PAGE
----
The European Court of Human Rights has ruled against Cyprus in a case where a Vietnamese woman had complained about the conditions of her detention back in 2012.
The plaintiff, 38-year-old Thi Nguyen Khanh, was placed in a women’s detention facility in Limassol from 1 March 2012 until 25 July 2012.
Khanh said she had to share a single occupancy cell with another detainee while a mattress and a blanket was given to her and placed on a dirty floor, some 30 centimetres away from the bed. Two women would share the two blankets to stay warm, according to the allegations.
When she was in a double occupancy cell with two bunks, she alleged that she had to share the cell with up to four other detainees, all of whom had to share the two bunks. The state authorities were also accused of not providing proper food according to the dietary nutrition needs of the detainee, while another local visitor would often bring her food and female hygiene products.
She also complained that she wasn’t allowed sufficient courtyard time, saying she was only given 30 minutes each day but only on days when a guard was available to supervise her, essentially having half hour breaks every three days.
The state maintained that there were toilet and shower facilities at the detention centre and that blankets could have been provided upon request. It was also possible for detainees to go out in the courtyard several times a day, according to the state defense.
But an Ombudsman report dated 31 July 2012 had found that the station was overcrowded. While it was designed to house a maximum of thirty-seven men and ten women, on the day of the visit there had been forty-two men male detainees and nineteen women.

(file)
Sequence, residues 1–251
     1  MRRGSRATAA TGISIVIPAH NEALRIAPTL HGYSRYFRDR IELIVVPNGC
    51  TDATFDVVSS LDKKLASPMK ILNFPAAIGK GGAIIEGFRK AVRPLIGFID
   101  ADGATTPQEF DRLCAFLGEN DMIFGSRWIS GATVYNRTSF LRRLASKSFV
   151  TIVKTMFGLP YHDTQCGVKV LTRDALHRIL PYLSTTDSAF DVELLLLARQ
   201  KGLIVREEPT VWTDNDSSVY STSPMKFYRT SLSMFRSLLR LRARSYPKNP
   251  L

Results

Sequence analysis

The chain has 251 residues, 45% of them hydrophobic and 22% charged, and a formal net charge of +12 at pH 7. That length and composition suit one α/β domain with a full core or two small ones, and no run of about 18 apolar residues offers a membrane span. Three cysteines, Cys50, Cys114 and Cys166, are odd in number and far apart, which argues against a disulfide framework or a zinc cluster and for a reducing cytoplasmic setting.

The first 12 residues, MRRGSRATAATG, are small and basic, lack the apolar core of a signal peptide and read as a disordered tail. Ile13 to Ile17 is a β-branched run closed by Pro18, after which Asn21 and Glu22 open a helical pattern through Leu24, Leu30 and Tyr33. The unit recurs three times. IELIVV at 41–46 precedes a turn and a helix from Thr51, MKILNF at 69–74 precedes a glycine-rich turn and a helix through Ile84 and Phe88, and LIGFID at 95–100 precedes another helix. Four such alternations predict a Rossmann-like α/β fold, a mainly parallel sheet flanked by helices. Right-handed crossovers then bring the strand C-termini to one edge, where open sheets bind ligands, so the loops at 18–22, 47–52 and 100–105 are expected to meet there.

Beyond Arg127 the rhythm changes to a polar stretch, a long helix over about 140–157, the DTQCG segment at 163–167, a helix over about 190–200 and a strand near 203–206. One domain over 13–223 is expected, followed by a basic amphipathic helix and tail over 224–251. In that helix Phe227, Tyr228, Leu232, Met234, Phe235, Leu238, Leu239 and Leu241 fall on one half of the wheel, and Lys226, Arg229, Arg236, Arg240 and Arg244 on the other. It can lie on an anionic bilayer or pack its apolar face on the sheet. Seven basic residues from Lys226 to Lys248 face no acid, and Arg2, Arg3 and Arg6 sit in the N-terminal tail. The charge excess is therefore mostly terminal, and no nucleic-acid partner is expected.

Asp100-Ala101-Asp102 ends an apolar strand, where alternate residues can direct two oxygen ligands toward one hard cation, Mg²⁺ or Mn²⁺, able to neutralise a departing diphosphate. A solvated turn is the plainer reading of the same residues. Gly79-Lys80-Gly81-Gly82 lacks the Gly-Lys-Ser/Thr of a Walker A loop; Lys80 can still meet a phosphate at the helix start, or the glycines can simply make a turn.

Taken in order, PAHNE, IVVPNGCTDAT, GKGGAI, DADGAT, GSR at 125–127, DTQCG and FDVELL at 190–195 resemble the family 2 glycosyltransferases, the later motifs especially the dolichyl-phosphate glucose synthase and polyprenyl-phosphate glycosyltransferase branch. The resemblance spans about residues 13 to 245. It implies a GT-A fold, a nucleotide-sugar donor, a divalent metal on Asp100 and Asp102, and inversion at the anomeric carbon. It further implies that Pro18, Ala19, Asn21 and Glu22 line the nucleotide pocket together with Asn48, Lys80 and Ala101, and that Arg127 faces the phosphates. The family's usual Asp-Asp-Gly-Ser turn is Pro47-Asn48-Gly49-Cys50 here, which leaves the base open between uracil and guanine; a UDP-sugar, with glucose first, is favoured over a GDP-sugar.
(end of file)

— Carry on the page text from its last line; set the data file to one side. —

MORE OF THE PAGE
“The facilities were old and totally unsuitable for long-term detention and did not provide dignified conditions of detention,” it was also noted in the report.
Justice Minister Ionas Nicolaou has also called on the Limassol police to find a way to move its detention facilities elsewhere, so that persons facing deportation proceedings could have a dedicated place and staff, similar to Larnaca’s Menogeia detention centre, adding that a police station was not suitable for this purpose.
The European Court of Human Rights based it ruling on “inadequate conditions of detention” while awarding Khanh roughly 10,500 euros in punitive damages and legal fees, to be paid by the Republic of Cyprus within three months.
She was originally seeking 40,000 euros for emotional distress, but the ECHR ordered Cyprus to pay 6,500 euros for emotional distress and 4,070 euros for legal fees.
Another case involving Limassol police was adjudicated during the summer, when the Republic of Cyprus was ordered to pay 25,000 euros to a Canadian citizen, following a decision by the European Court of Human Rights that found he was abused while in police custody. [Kathimerini Cyprus]